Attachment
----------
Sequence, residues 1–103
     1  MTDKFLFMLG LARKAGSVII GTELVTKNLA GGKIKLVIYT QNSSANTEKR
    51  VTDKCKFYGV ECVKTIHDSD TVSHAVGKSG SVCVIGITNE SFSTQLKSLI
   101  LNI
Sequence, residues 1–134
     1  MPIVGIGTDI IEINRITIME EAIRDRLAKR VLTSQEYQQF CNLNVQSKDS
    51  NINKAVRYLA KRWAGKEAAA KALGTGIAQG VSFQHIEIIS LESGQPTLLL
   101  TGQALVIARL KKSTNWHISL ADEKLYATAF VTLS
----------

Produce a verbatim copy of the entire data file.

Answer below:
Sequence, residues 1–103
     1  MTDKFLFMLG LARKAGSVII GTELVTKNLA GGKIKLVIYT QNSSANTEKR
    51  VTDKCKFYGV ECVKTIHDSD TVSHAVGKSG SVCVIGITNE SFSTQLKSLI
   101  LNI
Sequence, residues 1–134
     1  MPIVGIGTDI IEINRITIME EAIRDRLAKR VLTSQEYQQF CNLNVQSKDS
    51  NINKAVRYLA KRWAGKEAAA KALGTGIAQG VSFQHIEIIS LESGQPTLLL
   101  TGQALVIARL KKSTNWHISL ADEKLYATAF VTLS